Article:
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Weyman of the National Weather Service retires


James C. (Jim) Weyman, meteorologist-in-charge of the National Weather Service weather forecast office and director of the Central Pacific Hurricane Center in Honolulu, retired March 31, after 15 years of service in the islands and more than 40 years of combined federal service.

From 1970 through 1990, Weyman served as meteorologist in the U.S. Air Force with assignments in Texas, Kansas, Germany, Massachusetts, Alabama and Oklahoma.

In the last five years of his Air Force career, Weyman was the test director for a multi-agency, 161-member, text team composed of the National Weather Service, Department of Defense and the FederalAviation Administration. The text team tested, prior to acceptance, the current and widely used United States Doppler Weather Radar.

Weyman retired from the Air Force as a Lieutenant Colonel.

Weyman began working for the National Weather Service in 1990 as the deputy meteorologist-in-charge and warning coordination meteorologist at the weather forecast office in Pittsburgh, Penn.

In 1996, Weyman and his family moved across the Pacific when he became the meteorologist-in-charge of the weather forecast office and the director of the Central Pacific Hurricane Center in Honolulu.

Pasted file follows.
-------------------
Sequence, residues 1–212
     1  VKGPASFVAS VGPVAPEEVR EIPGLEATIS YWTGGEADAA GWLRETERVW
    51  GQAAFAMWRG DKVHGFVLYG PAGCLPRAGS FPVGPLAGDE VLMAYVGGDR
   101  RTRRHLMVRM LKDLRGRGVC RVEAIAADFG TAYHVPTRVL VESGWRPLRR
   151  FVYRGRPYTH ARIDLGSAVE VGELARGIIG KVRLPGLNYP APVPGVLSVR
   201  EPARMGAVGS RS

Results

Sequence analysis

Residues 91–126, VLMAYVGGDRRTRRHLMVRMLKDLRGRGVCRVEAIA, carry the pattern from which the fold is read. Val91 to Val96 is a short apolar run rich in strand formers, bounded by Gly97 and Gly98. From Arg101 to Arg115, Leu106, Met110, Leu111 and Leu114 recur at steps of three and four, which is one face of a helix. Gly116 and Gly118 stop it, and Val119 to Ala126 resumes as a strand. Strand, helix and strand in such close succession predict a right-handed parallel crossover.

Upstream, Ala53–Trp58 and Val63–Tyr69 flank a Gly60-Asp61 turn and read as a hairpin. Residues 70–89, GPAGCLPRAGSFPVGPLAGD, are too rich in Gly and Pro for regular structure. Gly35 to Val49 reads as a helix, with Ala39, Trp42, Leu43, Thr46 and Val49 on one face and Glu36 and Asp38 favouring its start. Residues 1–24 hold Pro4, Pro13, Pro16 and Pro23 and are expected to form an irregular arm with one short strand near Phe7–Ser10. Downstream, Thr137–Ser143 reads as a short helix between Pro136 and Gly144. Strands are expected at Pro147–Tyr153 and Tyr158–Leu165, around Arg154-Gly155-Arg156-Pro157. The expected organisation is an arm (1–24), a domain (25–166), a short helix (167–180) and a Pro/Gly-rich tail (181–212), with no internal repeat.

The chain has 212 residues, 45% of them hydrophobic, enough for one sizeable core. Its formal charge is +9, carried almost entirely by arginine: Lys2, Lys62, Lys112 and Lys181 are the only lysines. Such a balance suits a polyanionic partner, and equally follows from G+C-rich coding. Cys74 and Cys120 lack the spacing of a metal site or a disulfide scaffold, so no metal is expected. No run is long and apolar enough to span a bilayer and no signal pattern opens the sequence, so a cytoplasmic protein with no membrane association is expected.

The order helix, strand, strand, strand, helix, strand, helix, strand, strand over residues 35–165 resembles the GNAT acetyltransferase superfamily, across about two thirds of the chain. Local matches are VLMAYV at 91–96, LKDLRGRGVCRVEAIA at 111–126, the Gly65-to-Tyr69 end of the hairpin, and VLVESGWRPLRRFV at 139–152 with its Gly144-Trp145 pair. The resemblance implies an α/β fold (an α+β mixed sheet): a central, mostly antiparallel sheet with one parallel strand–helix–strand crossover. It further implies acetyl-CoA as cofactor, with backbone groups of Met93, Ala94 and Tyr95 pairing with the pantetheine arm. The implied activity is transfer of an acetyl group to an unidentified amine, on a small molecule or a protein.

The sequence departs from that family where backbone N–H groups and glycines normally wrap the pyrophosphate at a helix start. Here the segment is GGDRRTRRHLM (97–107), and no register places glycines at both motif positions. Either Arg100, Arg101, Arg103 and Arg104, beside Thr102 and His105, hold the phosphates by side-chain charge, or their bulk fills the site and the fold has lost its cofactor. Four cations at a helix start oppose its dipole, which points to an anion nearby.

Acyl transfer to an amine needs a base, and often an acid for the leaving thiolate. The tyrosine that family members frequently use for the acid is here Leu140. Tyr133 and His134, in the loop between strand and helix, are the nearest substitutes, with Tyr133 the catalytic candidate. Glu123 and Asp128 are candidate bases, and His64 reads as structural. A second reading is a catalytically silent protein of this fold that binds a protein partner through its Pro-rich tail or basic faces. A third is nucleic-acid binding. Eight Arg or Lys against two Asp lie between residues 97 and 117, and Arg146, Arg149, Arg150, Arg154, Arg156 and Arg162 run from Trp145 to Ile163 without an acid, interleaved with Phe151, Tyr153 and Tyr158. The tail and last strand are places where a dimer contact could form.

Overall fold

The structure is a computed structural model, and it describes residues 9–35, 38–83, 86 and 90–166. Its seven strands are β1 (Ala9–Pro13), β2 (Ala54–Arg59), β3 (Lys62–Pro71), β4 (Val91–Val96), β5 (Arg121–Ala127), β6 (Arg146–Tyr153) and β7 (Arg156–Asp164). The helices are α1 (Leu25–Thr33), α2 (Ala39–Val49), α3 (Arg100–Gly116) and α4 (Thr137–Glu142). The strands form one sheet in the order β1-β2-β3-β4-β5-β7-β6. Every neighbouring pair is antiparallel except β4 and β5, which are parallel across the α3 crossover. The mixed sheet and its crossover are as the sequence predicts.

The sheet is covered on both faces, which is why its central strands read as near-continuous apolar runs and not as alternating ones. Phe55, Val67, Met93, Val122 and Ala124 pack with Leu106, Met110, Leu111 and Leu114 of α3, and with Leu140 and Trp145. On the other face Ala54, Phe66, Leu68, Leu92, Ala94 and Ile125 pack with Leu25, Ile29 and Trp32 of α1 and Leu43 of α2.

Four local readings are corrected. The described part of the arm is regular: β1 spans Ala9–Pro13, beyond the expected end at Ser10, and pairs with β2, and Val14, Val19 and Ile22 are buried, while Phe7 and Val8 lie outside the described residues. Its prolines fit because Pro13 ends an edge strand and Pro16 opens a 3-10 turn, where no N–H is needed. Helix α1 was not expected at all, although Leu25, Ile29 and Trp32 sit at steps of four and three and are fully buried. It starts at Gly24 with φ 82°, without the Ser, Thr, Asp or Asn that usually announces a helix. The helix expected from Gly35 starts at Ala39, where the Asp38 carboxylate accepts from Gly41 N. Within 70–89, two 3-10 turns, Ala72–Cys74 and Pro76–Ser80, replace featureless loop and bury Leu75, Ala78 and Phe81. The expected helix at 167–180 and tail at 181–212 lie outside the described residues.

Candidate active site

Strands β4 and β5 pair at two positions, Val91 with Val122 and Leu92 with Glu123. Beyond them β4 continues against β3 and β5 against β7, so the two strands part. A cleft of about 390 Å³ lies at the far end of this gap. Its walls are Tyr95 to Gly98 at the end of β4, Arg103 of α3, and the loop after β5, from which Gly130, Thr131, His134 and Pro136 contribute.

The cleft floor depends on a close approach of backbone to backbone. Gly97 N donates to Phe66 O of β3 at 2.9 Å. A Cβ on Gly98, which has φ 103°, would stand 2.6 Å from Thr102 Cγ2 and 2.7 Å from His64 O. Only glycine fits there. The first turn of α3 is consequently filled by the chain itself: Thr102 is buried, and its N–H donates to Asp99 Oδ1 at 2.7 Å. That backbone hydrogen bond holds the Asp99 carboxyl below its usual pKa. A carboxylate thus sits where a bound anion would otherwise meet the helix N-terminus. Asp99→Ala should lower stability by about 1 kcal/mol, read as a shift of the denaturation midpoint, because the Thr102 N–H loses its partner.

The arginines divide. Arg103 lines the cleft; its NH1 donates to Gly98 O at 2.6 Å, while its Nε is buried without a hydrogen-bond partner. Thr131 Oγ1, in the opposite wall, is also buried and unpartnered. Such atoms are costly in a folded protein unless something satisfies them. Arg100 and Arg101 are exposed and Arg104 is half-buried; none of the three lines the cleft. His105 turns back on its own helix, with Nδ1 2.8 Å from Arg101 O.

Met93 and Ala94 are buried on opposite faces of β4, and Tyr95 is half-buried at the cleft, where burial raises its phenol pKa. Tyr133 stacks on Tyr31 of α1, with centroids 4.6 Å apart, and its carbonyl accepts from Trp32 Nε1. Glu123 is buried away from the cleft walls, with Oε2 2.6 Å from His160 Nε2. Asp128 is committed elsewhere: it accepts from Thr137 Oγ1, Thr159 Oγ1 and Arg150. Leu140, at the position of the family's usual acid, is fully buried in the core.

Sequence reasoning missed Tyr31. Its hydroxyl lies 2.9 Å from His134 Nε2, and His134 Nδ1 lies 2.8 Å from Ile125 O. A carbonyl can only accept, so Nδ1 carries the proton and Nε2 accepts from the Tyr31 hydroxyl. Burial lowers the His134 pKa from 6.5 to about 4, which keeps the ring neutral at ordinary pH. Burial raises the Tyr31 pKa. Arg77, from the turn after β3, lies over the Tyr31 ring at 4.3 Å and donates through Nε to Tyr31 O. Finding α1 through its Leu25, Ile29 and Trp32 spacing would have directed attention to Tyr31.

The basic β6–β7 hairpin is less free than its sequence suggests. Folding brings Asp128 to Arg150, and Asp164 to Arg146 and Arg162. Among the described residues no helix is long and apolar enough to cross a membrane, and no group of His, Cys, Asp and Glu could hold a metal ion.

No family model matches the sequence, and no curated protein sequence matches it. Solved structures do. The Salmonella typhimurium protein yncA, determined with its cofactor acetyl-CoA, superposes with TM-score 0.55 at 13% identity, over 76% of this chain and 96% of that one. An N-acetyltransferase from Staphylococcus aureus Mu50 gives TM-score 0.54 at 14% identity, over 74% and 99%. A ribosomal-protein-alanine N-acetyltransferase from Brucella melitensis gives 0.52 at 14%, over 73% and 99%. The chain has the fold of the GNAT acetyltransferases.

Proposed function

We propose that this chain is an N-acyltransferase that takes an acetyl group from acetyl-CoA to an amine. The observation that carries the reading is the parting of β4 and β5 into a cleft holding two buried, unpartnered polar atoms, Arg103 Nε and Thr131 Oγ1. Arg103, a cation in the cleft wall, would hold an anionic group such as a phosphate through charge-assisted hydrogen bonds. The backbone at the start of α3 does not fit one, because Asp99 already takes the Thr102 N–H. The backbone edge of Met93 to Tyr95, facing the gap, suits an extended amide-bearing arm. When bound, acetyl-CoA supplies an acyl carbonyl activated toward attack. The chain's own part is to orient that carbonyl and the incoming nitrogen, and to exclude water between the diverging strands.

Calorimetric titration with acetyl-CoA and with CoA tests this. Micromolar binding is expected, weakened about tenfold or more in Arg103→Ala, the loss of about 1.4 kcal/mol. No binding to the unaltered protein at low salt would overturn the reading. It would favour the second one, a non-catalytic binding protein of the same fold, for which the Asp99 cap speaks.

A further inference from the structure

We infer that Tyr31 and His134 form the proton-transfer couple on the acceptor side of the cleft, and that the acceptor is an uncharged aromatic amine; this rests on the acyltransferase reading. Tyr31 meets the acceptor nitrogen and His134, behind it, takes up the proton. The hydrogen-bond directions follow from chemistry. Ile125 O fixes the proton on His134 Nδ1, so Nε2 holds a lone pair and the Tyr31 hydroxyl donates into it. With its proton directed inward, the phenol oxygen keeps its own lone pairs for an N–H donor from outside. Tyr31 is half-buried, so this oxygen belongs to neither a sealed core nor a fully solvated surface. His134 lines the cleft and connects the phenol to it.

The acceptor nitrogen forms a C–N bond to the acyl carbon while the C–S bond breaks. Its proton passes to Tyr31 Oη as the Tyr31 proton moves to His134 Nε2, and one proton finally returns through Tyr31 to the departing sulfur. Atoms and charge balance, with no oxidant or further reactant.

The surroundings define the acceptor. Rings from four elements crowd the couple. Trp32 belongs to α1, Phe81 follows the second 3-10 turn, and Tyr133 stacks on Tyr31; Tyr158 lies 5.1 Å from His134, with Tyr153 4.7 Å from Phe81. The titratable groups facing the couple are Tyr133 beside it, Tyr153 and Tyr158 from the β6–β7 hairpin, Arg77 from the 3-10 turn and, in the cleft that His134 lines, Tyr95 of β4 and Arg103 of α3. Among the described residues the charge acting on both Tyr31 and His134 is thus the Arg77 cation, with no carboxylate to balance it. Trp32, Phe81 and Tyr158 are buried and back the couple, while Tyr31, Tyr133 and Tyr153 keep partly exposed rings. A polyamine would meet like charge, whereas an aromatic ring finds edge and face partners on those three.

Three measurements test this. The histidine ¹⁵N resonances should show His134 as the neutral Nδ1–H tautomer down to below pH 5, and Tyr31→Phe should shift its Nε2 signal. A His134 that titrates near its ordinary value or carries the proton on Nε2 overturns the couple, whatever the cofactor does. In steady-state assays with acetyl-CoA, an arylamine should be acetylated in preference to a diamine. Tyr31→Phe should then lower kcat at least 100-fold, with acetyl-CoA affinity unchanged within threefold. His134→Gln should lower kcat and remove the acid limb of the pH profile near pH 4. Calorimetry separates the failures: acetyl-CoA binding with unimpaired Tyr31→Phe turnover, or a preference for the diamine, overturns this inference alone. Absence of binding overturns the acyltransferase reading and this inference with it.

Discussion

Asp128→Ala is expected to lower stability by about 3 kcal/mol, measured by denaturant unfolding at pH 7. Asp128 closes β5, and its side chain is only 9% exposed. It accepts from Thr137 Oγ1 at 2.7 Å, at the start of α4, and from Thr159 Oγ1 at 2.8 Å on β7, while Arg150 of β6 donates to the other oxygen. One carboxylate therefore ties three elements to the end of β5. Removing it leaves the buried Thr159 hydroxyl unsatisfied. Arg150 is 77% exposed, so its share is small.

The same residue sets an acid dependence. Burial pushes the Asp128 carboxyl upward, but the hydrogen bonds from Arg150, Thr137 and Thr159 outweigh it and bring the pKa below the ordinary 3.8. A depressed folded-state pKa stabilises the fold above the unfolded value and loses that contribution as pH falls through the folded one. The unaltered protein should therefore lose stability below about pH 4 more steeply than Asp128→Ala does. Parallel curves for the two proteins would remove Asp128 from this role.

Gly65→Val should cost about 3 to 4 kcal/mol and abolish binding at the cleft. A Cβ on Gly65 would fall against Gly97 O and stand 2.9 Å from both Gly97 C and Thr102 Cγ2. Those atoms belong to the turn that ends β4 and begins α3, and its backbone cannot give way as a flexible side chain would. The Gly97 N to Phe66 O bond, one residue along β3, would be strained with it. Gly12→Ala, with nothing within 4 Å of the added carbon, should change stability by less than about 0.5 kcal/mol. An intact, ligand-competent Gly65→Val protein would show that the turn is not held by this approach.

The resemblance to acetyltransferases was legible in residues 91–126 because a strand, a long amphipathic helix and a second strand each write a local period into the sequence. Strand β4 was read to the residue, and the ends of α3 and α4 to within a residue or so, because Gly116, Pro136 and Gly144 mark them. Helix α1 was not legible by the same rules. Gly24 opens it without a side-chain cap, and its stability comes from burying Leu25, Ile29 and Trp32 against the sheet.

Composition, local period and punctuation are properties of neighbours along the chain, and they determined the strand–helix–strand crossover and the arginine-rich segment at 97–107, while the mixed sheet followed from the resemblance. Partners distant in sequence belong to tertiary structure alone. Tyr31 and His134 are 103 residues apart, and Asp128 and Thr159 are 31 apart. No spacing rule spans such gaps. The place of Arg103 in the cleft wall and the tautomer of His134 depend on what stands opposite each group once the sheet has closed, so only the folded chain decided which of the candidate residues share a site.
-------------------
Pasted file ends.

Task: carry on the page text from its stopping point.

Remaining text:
Weyman has also held many international positions for the World Meteorological Organization and the United Nations Economic and Social Commission.

Throughout his National Weather Service career, Weyman has supported the National Weather Service mission to protect and lives and property by forecasting severe weather.

In Honolulu, he supervised a staff of more than 40 people, including meteorological and electronic technicians, interns, computer support staff and over 20 meteorologists.

He successfully guided the office through numerous and notable weather events, including the infamous “40 days and 40 nights” of rain in 2006, the Halloween or Manoa Flood in 2004 which caused extensive damage to the University of Hawaii, and several close calls by hurricanes.

Weyman and his wife Linda have been married for 40 years and have three children and three grandchildren. He will be leaving the islands and returning to the east coast to be closer to family.

Raymond Tanabe, the current director of operations, will be the acting meteorologist-in-charge of the weather forecast office and director of the Central Pacific Hurricane Center.

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